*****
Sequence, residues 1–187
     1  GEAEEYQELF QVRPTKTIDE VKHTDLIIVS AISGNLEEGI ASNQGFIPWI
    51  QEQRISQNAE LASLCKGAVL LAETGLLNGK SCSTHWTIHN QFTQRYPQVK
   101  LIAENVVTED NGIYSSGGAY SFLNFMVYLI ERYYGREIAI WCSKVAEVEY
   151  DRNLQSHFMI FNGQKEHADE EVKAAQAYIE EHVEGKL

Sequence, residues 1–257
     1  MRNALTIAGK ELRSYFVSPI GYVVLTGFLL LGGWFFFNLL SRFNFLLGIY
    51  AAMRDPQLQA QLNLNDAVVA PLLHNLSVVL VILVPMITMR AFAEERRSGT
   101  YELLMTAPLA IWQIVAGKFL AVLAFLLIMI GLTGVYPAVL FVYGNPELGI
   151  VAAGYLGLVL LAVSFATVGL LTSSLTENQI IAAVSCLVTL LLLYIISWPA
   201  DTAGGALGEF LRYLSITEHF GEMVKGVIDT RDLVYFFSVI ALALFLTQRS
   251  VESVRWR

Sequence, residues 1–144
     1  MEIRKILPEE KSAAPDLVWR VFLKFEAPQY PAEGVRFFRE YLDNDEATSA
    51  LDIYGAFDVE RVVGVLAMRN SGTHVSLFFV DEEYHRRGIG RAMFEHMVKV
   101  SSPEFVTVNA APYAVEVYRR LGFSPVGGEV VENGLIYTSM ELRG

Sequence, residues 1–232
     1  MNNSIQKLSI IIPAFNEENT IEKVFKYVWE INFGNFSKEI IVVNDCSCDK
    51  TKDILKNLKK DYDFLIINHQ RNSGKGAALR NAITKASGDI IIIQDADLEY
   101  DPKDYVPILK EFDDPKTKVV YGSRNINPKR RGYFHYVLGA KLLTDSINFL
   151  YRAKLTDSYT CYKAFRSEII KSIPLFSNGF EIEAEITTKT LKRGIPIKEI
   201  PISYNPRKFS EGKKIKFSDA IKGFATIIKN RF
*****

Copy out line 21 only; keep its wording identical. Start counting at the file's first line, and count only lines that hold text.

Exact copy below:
   151  YRAKLTDSYT CYKAFRSEII KSIPLFSNGF EIEAEITTKT LKRGIPIKEI